Do you want to spend your weekend lazing in a pool of hot water with healing powers or walk under a canopy of prayer flags to a monastery decorated with beautiful stone tablets' Then pack your bags and head for Khandosangphuk and Tashiding, two of the holiest places in Sikkim.
The best way to get there is by taking a night train or bus to Siliguri, from where it's a two-and- a-half-hour jeep ride to Jorethang. Another jeep ride towards Legship later, you arrive in Khandosangphuk. The place is popularly known as Tatopani (tato means hot, while pani is water).
A narrow path descends from the main road to the river Rangit. Cross the river on a rickety bamboo bridge to reach the hot spring. The sulphur-enriched water is said to have healing powers, and attracts pilgrims from all over Sikkim, Darjeeling, Nepal, Bhutan and Assam.
During the winter months, temporary shelters are built all along the spring to cater to pilgrims, some of whom spend months here.
Just above the spring is a small monastery and a stupa, lit up with brass lamps on cold nights. Behind the monastery is the cave of Khandosangphuk, literally meaning 'the cave of the occult fairies'.
It is considered to be one of the four holy caves in Sikkim. The entrance to the cave, festooned with prayer flags, is wide. But after that, one has to crawl for several feet through a small tunnel (a torch is an absolute necessity), which opens up into a shrine dedicated to a Buddhist deity.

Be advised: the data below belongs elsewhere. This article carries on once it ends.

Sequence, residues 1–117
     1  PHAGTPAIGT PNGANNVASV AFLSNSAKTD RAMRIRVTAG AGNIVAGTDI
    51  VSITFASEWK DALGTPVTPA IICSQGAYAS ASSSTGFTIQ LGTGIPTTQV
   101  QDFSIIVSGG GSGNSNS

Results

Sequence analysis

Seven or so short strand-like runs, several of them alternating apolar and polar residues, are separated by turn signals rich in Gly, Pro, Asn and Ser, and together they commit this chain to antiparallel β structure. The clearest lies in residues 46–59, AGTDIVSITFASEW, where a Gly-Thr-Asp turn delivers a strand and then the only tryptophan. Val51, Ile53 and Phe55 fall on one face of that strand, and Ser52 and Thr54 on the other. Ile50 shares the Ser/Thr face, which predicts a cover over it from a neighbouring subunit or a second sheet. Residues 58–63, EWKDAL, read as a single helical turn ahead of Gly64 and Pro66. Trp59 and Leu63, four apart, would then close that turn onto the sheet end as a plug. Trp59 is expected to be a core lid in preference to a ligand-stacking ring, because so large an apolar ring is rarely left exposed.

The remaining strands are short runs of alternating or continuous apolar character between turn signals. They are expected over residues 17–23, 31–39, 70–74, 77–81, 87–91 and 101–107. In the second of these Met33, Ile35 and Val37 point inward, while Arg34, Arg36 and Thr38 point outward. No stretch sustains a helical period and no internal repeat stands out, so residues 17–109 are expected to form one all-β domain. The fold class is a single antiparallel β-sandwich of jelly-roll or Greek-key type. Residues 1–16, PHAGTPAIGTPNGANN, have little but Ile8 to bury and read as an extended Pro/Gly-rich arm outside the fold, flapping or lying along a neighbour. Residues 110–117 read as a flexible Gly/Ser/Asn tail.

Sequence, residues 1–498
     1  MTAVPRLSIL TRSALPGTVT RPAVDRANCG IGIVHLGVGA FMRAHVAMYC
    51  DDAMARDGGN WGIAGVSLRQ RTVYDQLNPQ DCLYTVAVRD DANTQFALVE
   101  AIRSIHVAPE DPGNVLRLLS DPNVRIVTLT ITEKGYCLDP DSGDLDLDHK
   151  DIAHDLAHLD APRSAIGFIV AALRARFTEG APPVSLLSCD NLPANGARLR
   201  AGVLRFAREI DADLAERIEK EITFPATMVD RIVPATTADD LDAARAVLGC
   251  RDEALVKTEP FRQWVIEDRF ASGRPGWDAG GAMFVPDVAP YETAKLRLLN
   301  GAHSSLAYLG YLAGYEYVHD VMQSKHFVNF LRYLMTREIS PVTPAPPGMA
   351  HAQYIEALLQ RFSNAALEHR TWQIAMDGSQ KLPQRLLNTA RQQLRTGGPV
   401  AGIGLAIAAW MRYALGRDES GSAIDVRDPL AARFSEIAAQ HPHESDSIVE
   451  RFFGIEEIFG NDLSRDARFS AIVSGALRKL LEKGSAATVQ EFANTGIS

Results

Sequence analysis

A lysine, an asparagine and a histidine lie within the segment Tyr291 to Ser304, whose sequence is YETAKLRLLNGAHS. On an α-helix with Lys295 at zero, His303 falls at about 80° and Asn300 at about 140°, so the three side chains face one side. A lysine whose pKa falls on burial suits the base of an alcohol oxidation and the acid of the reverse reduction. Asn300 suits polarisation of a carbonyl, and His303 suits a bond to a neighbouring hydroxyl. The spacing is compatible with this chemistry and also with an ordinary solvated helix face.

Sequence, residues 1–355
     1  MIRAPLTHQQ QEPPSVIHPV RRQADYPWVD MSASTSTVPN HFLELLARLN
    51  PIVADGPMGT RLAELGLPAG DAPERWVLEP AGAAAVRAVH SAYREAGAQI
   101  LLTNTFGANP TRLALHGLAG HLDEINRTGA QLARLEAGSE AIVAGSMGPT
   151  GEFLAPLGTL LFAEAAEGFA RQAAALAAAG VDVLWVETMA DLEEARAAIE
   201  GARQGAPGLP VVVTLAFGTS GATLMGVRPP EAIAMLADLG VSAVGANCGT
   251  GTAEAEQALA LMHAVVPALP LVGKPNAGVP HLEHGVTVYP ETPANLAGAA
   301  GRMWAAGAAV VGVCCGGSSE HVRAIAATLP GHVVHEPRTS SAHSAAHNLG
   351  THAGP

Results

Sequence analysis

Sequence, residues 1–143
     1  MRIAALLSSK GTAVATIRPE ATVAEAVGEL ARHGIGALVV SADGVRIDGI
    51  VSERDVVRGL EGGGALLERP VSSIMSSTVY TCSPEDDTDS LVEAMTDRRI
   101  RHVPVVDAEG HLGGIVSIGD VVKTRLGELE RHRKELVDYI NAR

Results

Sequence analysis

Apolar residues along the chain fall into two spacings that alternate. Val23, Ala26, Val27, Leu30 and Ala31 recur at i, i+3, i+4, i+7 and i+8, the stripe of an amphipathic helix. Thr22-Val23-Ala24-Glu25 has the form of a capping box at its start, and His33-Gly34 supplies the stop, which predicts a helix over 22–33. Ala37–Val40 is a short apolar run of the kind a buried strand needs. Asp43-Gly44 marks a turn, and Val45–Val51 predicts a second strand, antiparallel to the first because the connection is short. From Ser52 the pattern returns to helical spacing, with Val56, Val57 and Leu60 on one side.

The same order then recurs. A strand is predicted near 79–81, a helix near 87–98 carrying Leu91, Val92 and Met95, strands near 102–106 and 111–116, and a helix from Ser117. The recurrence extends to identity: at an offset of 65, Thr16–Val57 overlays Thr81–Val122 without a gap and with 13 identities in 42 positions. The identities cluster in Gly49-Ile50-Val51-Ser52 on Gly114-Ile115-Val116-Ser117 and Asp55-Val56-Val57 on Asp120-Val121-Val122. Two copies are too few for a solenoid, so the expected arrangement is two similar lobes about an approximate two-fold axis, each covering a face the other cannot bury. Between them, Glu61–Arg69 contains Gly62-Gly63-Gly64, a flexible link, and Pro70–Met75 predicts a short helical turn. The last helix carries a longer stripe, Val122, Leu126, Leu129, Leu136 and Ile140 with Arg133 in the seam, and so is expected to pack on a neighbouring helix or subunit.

If you reach the place by late afternoon, you can spend the rest of the day exploring the region. Next morning, after a quick dip in the spring, it's time to say goodbye to Khandosangphuk. Follow the trail to the main road, where you can take a jeep to Tashiding. The road follows the Rangit, and within an hour, you're in Tashiding.
This, too, is a holy place, strewn with stupas, prayer flags and the holy words 'Om Mane Padme Hum (hail the jewel in the lotus)' are carved almost everywhere. On a hilltop overlooking Tashiding is a monastery, built in 1717 by Ngadak Sempa Chembo during the reign of the third Chogyal (king) Chakdor Namgyal. The monastery has some of the most beautiful stone carvings in Sikkim.
After checking into one of the lodges and having a quick lunch, take a walk through the terraced fields, past pretty houses, to the monastery. The entire route is a riot of colours, with the prayer flags fluttering in the wind.
The monastery complex has a number of richly-decorated temples and several stupas dedicated to various Chogyal and holy men. But the main attractions are the colourful stone tablets with holy text and pictures of Buddhist deities.
In the evening, follow the same trail back to Tashiding and spend the night there. The next morning, it's time to head home. A jeep will take you to Jorethang, and then further on to Siliguri. An overnight journey will take you back to the city, tired but happy.
(Metro on Sunday thanks reader RANGAN DATTA for this contribution.)
How to get there
Calcutta to Siliguri Rocket Bus (Rs 215) or Calcutta to NJP train (around Rs 250). Jeeps are available from Siliguri to Jorethang (Rs 80), Jorethang to Tatopani (Rs 30), Tatopani to Tashiding (Rs 30) and Tashiding to Jorethang (Rs 50) on a sharing basis
Where to stay and eat
Khandosangphuk has a few shabby hotels, which are open in winter (January to March). The hotels have no toilets, though. A bed costs about Rs 50 per night and food is available at a nominal cost. You can avoid staying in Khandosangphuk by making a day trip from Tashiding. Tashiding has a few places to stay, like Blue Bird Lodge and Tashiding Lodge. A double-bed room costs Rs 100. Basic food is available at reasonable prices